A better understanding of the Earth's climate requires a better understanding of the interaction between the planet's geophysical processes and the dynamics of the Solar System as a whole. So suggest University of Toronto physicist Jerry Mitrovica and Allessandro Forte of the Institut de Physique du Globe de Paris. The pair reached their conclusion based on numerical simulations that show a connection between Earth's changing shape and the gravitational effects of other bodies in the Solar System, particularly Jupiter and Saturn. "We're showing for the first time that changes in the Earth's shape, when coupled with the gravitational effects from other planets, can produce large changes in the Earth's climate," Mitrovica says, citing numerical simulations to show that these aspects of the Earth's orbit have been affected by the gravitational attraction of Saturn and Jupiter. His figures indicate that at some time during the last 20 million years, the Earth passed through a gravitational resonance associated with the orbits of Jupiter and Saturn, which in turn influenced the way the Earth's axial tilt changed during the same period. This gravitational pull would have had a much greater impact on the Earth millions of years ago when the Earth was shaped differently. For more information, contact Jerry Mitrovica at (416) 978-4946.
Samsung's Galaxy line of smartphones used to fare quite well in the repairability department, but last year's flagship S5 model took a tumble, scoring a meh-inducing 5/10. Will the newly redesigned S6 lead us back into star-studded territory, or will we sink further into the depths of a repairability black hole?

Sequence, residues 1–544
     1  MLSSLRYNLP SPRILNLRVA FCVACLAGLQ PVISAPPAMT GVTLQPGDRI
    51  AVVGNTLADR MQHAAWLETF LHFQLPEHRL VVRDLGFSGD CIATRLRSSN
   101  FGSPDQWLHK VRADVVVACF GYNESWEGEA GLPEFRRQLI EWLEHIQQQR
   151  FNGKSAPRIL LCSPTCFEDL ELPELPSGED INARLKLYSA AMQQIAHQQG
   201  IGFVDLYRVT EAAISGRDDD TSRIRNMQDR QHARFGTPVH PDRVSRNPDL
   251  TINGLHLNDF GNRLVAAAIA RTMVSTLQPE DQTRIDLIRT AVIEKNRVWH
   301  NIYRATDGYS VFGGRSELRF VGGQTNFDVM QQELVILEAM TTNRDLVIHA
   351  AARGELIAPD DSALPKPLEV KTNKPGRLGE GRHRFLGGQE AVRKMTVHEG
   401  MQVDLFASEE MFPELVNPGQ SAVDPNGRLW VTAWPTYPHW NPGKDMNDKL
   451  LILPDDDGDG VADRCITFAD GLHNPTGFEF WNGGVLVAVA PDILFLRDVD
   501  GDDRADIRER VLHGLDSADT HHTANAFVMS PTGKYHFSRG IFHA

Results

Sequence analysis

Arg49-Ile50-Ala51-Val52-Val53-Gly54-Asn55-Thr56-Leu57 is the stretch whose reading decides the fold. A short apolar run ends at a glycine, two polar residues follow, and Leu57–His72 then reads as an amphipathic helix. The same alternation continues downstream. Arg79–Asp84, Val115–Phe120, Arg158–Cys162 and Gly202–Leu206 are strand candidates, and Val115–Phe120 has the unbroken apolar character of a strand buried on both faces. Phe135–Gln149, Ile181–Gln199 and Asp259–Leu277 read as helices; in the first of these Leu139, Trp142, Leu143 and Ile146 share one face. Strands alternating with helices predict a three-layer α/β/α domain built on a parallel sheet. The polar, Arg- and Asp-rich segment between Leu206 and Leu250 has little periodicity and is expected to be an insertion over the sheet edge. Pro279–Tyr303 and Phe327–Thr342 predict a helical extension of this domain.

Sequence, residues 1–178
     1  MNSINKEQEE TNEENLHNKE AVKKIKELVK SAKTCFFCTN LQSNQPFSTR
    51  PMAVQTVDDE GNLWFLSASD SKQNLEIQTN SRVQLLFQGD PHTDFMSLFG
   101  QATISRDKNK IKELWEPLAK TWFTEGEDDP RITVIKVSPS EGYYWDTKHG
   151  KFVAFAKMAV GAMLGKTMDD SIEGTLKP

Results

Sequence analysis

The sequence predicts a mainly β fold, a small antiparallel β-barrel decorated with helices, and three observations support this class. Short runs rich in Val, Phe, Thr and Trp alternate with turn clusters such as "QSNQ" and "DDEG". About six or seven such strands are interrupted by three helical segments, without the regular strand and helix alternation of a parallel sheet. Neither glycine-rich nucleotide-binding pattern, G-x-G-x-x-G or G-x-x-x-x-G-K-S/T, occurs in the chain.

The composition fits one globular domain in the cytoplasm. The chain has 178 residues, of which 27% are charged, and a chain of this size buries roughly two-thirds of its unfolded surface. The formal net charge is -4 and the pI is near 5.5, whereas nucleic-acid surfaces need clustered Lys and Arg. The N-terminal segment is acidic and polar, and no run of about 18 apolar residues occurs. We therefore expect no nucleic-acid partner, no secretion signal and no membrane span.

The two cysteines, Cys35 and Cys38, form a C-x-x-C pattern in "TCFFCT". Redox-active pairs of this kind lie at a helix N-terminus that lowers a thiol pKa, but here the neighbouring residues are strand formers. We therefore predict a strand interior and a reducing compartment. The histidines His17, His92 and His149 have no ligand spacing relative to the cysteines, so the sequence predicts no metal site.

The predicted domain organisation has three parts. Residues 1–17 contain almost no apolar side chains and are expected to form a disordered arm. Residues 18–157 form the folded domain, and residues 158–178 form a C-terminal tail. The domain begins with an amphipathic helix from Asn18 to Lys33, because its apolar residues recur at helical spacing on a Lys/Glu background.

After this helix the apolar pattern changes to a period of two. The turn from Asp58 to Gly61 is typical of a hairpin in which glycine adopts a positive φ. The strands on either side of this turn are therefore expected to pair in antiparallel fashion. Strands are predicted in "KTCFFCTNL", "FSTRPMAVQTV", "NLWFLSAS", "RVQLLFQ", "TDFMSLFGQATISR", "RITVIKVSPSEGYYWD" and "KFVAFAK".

In 2003, the world contained just over 500 million Internet-connected devices. By 2010, this figure had risen to 12.5 billion connected objects, almost six devices per individual with access to the Internet. Now, as we move into 2015, the number of connected 'things' is expected to reach 25 billion, ultimately edging toward 50 billion by the end of the decade.
NASA engineer Brian Trease studied abroad in Japan as a high school student and used to fold fast-food wrappers into cranes using origami techniques he learned in library books. Inspired by this, he began to imagine that origami could be applied to building spacecraft components, particularly solar panels that could one day send solar power from space to be used on earth.
Biomedical engineering is one of the fastest growing engineering fields; from medical devices and pharmaceuticals to more cutting-edge areas like tissue, genetic, and neural engineering, US biomedical engineers (BMEs) boast salaries nearly double the annual mean wage and have faster than average job growth.
Focus on Fundamentals consists of 45-minute on-line classes that cover a host of technologies. You learn without leaving the comfort of your desk. All classes are taught by subject-matter experts and all are archived. So if you can't attend live, attend at your convenience.